Expert Career Tips for Life Science Professionals
Whether you’re pursuing your first job outside of academia or you’ve been in the workplace for a while, there are some things you can do as a life science professional to enhance your career. Recently, we interviewed Bill Lindstaedt, who is the Assistant Vice Chancellor of Career Advancement, International and Postdoctoral Services (CAIPS) at the University of California, San Francisco (UCSF). Bill explained his journey from chemical engineering to becoming a career development professional. If you’ve ever wanted more information from an expert on careers in the life sciences, reviewing his career tips can help to set you up for success!
1. Can you tell us a little bit about your background?
I’m actually a chemical engineer by original training and worked in that area for a while. Then, the chemical manufacturing company that I worked for started sending me out to university campuses to interview for new engineers. I would go around to mostly mid-western universities, where I was located at the time. I thought, being a career advisor looks like that would be a really cool job. So, I started asking people how they got into their jobs and doing informational interviews, which is now what we advise all of our students and postdocs to do. I found out that you should go and get a counseling and university admissions degree, which I did.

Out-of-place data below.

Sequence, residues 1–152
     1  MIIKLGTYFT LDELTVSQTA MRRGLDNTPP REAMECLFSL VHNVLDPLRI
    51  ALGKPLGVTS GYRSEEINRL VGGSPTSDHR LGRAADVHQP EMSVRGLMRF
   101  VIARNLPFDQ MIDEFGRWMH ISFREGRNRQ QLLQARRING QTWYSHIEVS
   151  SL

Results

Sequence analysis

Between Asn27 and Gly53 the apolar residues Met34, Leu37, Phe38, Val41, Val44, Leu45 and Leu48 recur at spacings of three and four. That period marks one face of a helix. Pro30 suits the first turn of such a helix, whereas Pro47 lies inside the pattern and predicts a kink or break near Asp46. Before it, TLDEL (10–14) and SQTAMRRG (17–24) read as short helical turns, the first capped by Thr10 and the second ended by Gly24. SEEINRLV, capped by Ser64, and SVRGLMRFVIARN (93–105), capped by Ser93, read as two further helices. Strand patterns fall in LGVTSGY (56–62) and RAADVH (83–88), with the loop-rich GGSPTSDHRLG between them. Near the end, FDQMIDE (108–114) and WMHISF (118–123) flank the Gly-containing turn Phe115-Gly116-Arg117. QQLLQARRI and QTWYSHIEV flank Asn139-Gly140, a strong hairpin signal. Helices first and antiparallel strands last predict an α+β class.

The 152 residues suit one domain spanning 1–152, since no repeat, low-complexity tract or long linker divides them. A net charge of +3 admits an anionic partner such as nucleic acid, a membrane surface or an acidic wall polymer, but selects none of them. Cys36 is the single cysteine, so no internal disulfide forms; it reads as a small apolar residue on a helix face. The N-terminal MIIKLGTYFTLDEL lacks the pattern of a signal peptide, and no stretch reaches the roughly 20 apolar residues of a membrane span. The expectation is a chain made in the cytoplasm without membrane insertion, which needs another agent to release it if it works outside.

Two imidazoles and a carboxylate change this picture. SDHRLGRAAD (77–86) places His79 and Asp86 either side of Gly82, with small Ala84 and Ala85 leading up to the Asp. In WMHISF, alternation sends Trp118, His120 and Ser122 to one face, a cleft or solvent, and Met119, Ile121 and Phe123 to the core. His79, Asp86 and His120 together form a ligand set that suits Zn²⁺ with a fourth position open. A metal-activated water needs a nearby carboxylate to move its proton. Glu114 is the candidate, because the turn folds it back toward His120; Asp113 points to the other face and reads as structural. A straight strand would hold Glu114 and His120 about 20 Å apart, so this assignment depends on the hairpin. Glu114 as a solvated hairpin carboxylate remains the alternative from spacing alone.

The theme since then has been working in career development offices at science-based universities or engineering-based campuses. So, that’s how I got here. I’ve been at UCSF for almost 20 years. My clients are 100% biomedical sciences trainees at the Ph.D. level, so graduate students and postdocs.
2. What do you do at UCSF? How do you help graduates?
UCSF is an all-graduate university. We’re the only all-graduate campus in the UC system. We’re a giant medical campus. We have a $7B budget, but we only have 3,000 students. So, it’s a tiny university compared to the other UCs. But, budget-wise we’re big, based on the research and clinical enterprises. The Student Services that we have on our campus are able to be very specialized, and that’s been fun for us. I think we’re one of the first medical universities to offer a full career development program. We help our Ph.D. students and postdocs by three focus areas.